Thinking small does have its benefits! I was on a coaching call with one of my TCE member clients and the focal point of our conversation was a topic I frequently have with colleagues. And, I want to share my thoughts to ensure that you’re making the most of your marketing efforts and seeing results.

Some of you may have heard what I’m about to share while others haven’t. So if what you read sounds familiar, it’s my hope that you’ve taken action when you first learned about it. But if you haven’t taken action yet, let my posting serve as as a reminder of what could be.

Unfortunately, many career professionals think if they specialize or cater to someone specific that they’re limiting the number of potential client leads they can attract. Not true. Knowing who you serve is what plays to your advantage.

Positioning yourself as a “generalist” and marketing your services to a general audience means you’re not speaking to anyone in particular and if you’re not speaking to anyone specific, how can you effectively and strategically market to their needs or address their concerns so they know you’re the career coach or resume they need to connect with for their project?

Thinking small can produce big opportunities. So what do I mean by “thinking small?” I mean know who your ideal client—be very clear about who you serve. Tailor your website copy, email communications, and any other way you communicate to meet the needs of your target market. Not only will it help position you as an expert in your field, but also as a specialist, sending job seekers a clear message that “you get them” and they can rely on your expertise to help them overcome the challenges they face when it comes to their job search.

To give you an example of what I mean, let’s say you’re having heart problems and your doctor is a general practitioner. Chances are your doctor will recommend you to see a heart specialist to do further testing and determine how to best treat your condition and rightfully so because that doctor is an expert in his field.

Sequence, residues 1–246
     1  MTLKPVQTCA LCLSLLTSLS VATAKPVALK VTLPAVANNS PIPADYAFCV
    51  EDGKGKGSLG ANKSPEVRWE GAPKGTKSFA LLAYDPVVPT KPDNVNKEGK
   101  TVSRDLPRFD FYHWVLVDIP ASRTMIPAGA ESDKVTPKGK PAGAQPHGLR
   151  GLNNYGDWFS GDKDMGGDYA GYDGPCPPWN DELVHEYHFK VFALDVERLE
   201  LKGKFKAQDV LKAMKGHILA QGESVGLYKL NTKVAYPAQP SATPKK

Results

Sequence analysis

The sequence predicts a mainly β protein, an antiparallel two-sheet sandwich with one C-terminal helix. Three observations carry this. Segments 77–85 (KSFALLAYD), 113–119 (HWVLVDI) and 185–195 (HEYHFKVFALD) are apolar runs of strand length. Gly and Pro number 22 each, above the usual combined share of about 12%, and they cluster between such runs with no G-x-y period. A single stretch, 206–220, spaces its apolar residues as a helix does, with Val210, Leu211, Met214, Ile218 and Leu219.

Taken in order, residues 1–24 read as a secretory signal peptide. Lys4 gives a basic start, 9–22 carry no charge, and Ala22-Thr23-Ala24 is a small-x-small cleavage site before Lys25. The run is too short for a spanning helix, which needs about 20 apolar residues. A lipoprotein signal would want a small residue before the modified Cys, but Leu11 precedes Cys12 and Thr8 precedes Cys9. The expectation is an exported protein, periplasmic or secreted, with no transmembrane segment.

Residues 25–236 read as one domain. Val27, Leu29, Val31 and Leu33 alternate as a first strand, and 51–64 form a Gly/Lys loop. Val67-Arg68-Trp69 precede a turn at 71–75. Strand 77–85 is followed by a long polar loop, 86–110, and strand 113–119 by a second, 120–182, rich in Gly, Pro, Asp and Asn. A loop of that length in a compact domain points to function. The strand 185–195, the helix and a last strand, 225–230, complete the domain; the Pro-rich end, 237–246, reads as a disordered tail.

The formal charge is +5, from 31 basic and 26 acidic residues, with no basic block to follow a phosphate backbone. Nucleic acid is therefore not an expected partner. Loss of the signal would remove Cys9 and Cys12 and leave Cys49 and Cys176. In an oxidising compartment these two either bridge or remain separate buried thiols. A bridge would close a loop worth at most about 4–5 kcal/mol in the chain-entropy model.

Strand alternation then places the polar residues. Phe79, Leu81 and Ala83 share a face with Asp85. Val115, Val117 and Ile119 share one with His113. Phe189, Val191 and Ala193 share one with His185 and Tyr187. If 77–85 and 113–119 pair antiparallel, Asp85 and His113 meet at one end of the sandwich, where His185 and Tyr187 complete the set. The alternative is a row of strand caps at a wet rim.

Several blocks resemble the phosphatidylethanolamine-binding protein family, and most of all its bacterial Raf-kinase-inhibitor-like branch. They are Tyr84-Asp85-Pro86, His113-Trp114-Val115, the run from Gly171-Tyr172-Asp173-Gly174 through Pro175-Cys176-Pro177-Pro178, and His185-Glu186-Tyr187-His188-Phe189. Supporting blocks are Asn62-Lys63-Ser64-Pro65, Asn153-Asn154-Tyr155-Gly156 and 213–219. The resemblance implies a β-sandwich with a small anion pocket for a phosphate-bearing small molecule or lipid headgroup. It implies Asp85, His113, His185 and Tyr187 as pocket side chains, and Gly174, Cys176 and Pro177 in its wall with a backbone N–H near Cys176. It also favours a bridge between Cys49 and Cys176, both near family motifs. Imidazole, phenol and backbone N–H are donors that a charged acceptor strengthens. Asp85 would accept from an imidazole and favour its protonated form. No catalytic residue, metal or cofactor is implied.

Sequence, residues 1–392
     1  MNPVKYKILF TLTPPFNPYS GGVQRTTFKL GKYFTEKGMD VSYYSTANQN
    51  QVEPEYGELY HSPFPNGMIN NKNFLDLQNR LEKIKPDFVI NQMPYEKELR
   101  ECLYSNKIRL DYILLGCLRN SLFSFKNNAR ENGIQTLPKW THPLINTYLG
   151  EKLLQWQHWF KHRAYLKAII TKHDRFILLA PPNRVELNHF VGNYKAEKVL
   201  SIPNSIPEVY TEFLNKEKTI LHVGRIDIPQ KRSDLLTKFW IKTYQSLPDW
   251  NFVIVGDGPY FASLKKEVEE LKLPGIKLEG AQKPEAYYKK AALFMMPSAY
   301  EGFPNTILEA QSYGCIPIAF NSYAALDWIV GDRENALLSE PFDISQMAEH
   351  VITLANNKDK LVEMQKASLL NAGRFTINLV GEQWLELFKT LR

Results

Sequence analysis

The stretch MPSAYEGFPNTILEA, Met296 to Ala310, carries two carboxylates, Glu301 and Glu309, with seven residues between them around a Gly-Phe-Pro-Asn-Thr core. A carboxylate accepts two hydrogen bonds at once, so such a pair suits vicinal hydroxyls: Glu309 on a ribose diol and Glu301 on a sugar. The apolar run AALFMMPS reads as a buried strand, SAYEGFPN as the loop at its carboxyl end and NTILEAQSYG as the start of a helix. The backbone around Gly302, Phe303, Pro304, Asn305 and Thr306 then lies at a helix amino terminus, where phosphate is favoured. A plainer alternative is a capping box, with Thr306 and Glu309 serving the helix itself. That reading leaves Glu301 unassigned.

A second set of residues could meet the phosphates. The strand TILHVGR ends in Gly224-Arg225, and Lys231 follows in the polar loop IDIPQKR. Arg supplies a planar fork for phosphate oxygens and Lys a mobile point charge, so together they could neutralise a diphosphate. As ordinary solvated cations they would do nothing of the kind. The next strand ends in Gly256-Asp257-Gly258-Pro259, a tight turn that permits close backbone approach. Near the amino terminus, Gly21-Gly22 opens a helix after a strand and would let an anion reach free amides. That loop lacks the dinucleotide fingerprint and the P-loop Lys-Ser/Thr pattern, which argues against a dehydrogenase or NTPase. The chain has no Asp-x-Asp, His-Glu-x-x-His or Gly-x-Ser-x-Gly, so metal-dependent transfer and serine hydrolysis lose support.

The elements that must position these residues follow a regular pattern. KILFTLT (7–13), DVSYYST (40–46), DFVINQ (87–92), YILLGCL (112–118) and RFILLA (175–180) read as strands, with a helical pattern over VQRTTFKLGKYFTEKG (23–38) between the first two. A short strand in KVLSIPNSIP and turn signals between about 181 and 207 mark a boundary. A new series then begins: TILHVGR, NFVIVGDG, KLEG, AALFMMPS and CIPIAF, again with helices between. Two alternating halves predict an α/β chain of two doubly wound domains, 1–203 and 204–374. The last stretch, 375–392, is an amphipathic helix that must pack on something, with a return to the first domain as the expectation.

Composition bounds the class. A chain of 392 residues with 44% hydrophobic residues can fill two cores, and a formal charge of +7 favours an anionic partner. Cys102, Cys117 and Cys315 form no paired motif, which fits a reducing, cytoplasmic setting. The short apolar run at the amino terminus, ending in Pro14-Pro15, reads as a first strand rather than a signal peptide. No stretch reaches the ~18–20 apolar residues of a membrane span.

Now, if you’re having heart issues, who would you prefer treat you for your condition, a general practitioner or a heart specialist? I know if it were me, I’m seeking care and treatment from a heart specialist.

You can attract more attention faster by “thinking small” and catering to a specific audience, which is why I can’t stress enough how important it is that you know who your ideal client is and the significant role it plays when it comes to your business.

An ideal client isn’t just any client. An ideal client is just that—ideal. It’s someone you truly enjoy working with and is a perfect fit for you.

Knowing your ideal client means… no more clients who suck the life out of you or drain you, no more procrastinating to work on projects that literally make you feel sick when you think about them but know you have to follow through, and best of all no more taking on clients just because you need some money to pay the bills!

There are countless people facing career changes and they’re desperate for qualified help. So how are you taking advantage of this vast opportunity of job seekers searching for the career services you offer?

Your Assignment: Create an ideal client profile to define who it is and be as specific as you can so you can be more focused on the needs and wants of your target audience and tailor your service offerings around them.

Author's Bio: 

Maria E. Hebda, CCMC -- Connect, attract, and nurture … the cornerstone for creating a thriving business of ideal clients!

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